Before taking clonazepam, tell your doctor or pharmacist if you are allergic to it; or to other benzodiazepines (such as diazepam, lorazepam); or if you have any other allergies. This product may contain inactive ingredients, which can cause allergic reactions or other problems. Talk to your pharmacist for more details.
Before using this medication, tell your doctor or pharmacist your medical history, especially of:
- a certain type of eye problem (narrow angle glaucoma)
- liver disease
- kidney disease
- lung/breathing problems
- mental/mood problems (such as depression, thoughts of suicide)
- regular use/abuse of drugs/alcohol/other substances
This drug may make you dizzy or drowsy. Do not drive, use machinery, or do any activity that requires alertness until you are sure you can perform such activities safely. Avoid alcoholic beverages.
Before having surgery, tell your doctor or dentist about all the products you use (including prescription drugs, nonprescription drugs, and herbal products).
For children, the long-term effects on physical and mental/behavioral development are uncertain and may not be seen until after many years. Therefore, discuss the risks and benefits of treatment with clonazepam with your doctor.
Older adults may be more sensitive to the effects of this drug, especially drowsiness and confusion.
During pregnancy, this medication should be used only when clearly needed. It may harm an unborn baby. However, since untreated seizures are a serious condition that can harm both a pregnant woman and her unborn baby, do not stop taking this medication unless directed by your doctor. If you are planning pregnancy, become pregnant, or think you may be pregnant, immediately talk to your doctor about the benefits and risks of using this medication during pregnancy.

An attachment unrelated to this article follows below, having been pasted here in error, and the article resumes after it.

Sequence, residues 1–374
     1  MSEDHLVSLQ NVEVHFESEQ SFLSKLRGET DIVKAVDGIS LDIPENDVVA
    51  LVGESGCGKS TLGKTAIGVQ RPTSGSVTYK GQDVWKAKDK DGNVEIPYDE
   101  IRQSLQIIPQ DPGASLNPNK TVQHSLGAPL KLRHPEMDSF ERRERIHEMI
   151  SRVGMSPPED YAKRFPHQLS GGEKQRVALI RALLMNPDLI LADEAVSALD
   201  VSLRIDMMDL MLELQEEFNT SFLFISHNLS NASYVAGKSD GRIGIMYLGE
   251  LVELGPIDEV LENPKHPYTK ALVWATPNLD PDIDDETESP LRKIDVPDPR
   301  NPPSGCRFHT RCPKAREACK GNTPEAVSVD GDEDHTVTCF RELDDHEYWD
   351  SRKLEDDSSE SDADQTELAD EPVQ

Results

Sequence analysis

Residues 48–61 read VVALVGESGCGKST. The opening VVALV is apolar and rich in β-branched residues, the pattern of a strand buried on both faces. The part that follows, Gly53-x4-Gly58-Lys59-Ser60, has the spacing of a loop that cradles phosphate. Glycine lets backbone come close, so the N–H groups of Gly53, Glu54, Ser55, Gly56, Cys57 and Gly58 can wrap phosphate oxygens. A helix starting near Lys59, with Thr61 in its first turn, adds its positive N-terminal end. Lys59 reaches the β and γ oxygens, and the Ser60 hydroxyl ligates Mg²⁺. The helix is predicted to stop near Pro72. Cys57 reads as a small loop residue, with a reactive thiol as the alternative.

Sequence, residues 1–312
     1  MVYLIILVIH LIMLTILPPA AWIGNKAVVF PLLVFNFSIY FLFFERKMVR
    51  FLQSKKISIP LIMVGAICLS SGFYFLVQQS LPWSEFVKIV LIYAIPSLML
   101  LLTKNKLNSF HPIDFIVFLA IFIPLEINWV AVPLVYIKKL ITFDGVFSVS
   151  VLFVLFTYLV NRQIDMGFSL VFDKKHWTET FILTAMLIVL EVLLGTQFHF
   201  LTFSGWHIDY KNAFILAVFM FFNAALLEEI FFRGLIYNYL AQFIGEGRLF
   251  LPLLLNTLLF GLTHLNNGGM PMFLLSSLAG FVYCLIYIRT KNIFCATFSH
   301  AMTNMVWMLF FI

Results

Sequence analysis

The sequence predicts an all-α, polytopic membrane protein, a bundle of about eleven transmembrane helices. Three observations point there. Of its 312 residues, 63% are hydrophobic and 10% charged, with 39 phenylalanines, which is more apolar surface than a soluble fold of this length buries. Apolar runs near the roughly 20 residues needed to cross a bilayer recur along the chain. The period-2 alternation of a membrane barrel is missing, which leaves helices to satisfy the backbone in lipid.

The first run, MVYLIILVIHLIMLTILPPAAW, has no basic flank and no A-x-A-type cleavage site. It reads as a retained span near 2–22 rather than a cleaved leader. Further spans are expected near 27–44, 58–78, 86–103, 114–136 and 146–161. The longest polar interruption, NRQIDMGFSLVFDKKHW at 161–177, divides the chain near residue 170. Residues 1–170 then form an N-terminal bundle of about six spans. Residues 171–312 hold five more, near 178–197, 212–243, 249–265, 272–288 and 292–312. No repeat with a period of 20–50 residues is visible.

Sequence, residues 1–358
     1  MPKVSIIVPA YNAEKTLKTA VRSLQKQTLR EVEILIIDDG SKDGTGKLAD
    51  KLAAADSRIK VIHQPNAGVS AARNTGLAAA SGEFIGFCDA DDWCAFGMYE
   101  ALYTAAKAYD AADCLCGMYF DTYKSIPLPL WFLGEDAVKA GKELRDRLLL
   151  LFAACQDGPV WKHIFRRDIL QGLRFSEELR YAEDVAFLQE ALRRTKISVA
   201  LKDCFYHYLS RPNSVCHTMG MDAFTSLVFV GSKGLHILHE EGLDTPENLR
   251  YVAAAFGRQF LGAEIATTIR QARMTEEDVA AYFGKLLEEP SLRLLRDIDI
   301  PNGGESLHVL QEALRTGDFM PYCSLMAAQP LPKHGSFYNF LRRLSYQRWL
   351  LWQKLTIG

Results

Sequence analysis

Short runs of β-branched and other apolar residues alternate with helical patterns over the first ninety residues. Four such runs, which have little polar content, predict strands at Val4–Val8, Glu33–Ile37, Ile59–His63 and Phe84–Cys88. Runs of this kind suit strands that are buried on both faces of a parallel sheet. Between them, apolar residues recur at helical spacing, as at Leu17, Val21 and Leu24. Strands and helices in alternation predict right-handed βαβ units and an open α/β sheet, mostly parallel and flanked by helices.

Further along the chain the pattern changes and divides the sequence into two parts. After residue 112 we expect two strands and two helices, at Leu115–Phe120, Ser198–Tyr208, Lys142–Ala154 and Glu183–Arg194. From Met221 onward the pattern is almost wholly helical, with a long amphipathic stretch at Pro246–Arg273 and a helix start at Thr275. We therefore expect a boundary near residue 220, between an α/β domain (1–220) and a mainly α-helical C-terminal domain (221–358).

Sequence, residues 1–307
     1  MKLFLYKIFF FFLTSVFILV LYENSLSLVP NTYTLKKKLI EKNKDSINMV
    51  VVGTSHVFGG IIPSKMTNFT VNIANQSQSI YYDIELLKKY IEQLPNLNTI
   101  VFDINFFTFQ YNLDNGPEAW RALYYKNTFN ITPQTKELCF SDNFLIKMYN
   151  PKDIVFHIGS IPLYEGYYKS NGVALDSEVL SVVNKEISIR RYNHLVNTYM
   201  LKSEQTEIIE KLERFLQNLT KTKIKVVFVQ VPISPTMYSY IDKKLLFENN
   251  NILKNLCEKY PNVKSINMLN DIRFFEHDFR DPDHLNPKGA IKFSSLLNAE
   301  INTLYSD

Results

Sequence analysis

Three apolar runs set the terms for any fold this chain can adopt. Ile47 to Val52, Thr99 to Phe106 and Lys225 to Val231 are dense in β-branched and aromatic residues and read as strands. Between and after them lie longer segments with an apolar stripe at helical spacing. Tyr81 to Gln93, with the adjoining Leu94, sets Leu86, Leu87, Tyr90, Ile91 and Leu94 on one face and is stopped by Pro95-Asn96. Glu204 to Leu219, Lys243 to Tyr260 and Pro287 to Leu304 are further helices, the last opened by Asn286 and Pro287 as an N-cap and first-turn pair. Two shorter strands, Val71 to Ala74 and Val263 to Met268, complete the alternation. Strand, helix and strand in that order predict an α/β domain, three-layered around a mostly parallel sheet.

This drug passes into breast milk and may have undesirable effects on a nursing infant. Therefore, breast-feeding while using this drug is not recommended. Consult your doctor before breast-feeding.
Drowsiness, dizziness, tiredness, loss of coordination, or increased saliva production may occur. If any of these effects persist or worsen, tell your doctor or pharmacist promptly.
Remember that your doctor has prescribed this medication because he or she has judged that the benefit to you is greater than the risk of side effects. Many people using this medication do not have serious side effects.
A small number of people who take anticonvulsants for any condition (such as seizures, bipolar disorder, pain) may experience depression, suicidal thoughts/attempts, or other mental/mood problems. Tell your doctor right away if you or your family/caregiver notice any unusual/sudden changes in your mood, thoughts, or behavior, including:
- memory problems
- signs of depression
- suicidal thoughts/attempts
- thoughts about harming yourself
Tell your doctor right away if any of these unlikely but serious side effects occur:
- easy bruising/bleeding
- signs of infection (such as fever, persistent sore throat)
A very serious allergic reaction to this drug is rare. However, get medical help right away if you notice any symptoms of a serious allergic reaction, including:
- itching/swelling (especially of the face/tongue/throat)
- severe dizziness
- trouble breathing
This is not a complete list of possible side effects. If you notice other effects not listed above, contact your doctor or pharmacist.
In the US -
Call your doctor for medical advice about side effects. You may report side effects to FDA at 1-800-FDA-1088.
In Canada - Call your doctor for medical advice about side effects. You may report side effects to Health Canada at 1-866-234-2345.